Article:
Groundwater

ground waterunderground waterpore watergroundground-watersubsurface waterground watersPorewatersubsurface water
Groundwater is the water present beneath Earth's surface in soil pore spaces and in the fractures of rock formations.wikipedia
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Water

H 2 OHOliquid water
Groundwater is the water present beneath Earth's surface in soil pore spaces and in the fractures of rock formations.
Small portions of water occur as groundwater (1.7%), in the glaciers and the ice caps of Antarctica and Greenland (1.7%), and in the air as vapor, clouds (formed of ice and liquid water suspended in air), and precipitation (0.001%).

Aquifer

aquifersaquitardaquiclude
A unit of rock or an unconsolidated deposit is called an aquifer when it can yield a usable quantity of water.
Groundwater can be extracted using a water well.

Water table

watertablegroundwater tableperched lake
The depth at which soil pore spaces or fractures and voids in rock become completely saturated with water is called the water table.
It may be visualized as the "surface" of the subsurface materials that are saturated with groundwater in a given vicinity.

Hydrogeology

hydrogeologicalhydrogeologistgeohydrology
The study of the distribution and movement of groundwater is hydrogeology, also called groundwater hydrology.
Hydrogeology (hydro- meaning water, and -geology meaning the study of the Earth) is the area of geology that deals with the distribution and movement of groundwater in the soil and rocks of the Earth's crust (commonly in aquifers).

Wetland

wetlandscoastal wetlandwetland habitat
Groundwater is recharged from the surface; it may discharge from the surface naturally at springs and seeps, and can form oases or wetlands.
The duration of flooding or prolonged soil saturation by groundwater determines whether the resulting wetland has aquatic, marsh or swamp vegetation.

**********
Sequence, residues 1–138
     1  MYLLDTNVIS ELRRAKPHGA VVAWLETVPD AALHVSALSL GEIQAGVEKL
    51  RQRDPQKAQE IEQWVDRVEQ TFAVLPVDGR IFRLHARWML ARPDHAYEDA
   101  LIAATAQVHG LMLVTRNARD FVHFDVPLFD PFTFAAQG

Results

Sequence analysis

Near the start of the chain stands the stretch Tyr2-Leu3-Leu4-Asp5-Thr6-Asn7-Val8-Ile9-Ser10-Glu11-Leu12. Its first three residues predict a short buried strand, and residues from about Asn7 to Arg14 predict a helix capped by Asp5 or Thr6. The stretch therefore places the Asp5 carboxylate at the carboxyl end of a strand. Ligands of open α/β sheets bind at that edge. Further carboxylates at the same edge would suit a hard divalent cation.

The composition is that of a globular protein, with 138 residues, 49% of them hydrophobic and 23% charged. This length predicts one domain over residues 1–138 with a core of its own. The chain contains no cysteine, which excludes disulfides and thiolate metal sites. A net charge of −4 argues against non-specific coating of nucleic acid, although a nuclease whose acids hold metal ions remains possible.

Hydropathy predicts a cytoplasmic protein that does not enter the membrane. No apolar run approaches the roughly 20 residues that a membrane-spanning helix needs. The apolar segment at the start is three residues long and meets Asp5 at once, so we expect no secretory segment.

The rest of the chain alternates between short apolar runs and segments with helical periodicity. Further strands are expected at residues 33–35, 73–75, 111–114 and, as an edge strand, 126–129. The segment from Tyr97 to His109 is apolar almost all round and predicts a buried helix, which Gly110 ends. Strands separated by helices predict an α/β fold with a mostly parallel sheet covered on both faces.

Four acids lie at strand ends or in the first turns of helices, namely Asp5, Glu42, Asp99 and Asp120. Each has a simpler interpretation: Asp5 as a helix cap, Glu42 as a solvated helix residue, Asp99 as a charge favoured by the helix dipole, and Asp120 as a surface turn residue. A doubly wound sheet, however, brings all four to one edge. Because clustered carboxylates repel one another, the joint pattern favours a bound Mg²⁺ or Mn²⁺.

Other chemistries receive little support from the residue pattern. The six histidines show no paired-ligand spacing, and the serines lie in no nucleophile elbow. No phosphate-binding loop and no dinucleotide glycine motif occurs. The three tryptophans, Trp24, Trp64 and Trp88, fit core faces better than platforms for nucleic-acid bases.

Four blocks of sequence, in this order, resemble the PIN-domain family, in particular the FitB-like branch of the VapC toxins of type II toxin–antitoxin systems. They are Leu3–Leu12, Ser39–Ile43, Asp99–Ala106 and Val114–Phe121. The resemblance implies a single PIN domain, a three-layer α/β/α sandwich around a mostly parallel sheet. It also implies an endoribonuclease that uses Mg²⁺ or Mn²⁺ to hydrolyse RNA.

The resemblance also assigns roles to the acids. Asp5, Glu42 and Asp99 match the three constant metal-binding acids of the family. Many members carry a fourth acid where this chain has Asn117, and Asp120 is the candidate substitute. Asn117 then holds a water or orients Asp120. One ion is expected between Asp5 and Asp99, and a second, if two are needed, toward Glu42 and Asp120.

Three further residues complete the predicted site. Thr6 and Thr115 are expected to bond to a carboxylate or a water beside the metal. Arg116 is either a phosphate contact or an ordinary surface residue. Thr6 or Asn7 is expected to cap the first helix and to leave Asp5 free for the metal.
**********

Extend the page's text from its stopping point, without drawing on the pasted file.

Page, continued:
Groundwater pollution

groundwater contaminationgroundwatercontaminated groundwater
Polluted groundwater is less visible and more difficult to clean up than pollution in rivers and lakes.
Groundwater pollution (also called groundwater contamination) occurs when pollutants are released to the ground and make their way down into groundwater.

Water pollution

pollutionpollutedwater
Groundwater is often cheaper, more convenient and less vulnerable to pollution than surface water.
Water bodies include for example lakes, rivers, oceans, aquifers and groundwater.

Drought

droughtsdrought reliefdry
This makes it an important resource that can act as a natural storage that can buffer against shortages of surface water, as in during times of drought.
A drought or drouth is an event of prolonged shortages in the water supply, whether atmospheric (below-average precipitation), surface water or ground water.

Fresh water

freshwaterfreshlimnic
Groundwater makes up about twenty percent of the world's fresh water supply, which is about 0.61% of the entire world's water, including oceans and permanent ice.
Fresh water includes water in ice sheets, ice caps, glaciers, icebergs, bogs, ponds, lakes, rivers, streams, and even underground water called groundwater.

Septic tank

septic tanksseptic systemsseptic
Major sources include industrial and household chemicals and garbage landfills, excessive fertilizers and pesticides used in agriculture, industrial waste lagoons, tailings and process wastewater from mines, industrial fracking, oil field brine pits, leaking underground oil storage tanks and pipelines, sewage sludge and septic systems.
The remaining impurities are trapped and eliminated in the soil, with the excess water eliminated through percolation into the soil, through evaporation, and by uptake through the root system of plants and eventual transpiration or entering groundwater or surface water.

Artesian aquifer

artesian wellartesianartesian wells
This can create artesian wells that flow freely without the need of a pump and rise to a higher elevation than the static water table at the above, unconfined, aquifer.
An artesian aquifer is a confined aquifer containing groundwater under positive pressure.

Groundwater recharge

rechargeaquifer rechargedeep drainage
Groundwater is recharged from the surface; it may discharge from the surface naturally at springs and seeps, and can form oases or wetlands.
Groundwater recharge or deep drainage or deep percolation is a hydrologic process, where water moves downward from surface water to groundwater.

Great Artesian Basin

artesianartesian basin
The Great Artesian Basin in central and eastern Australia is one of the largest confined aquifer systems in the world, extending for almost 2 million km 2.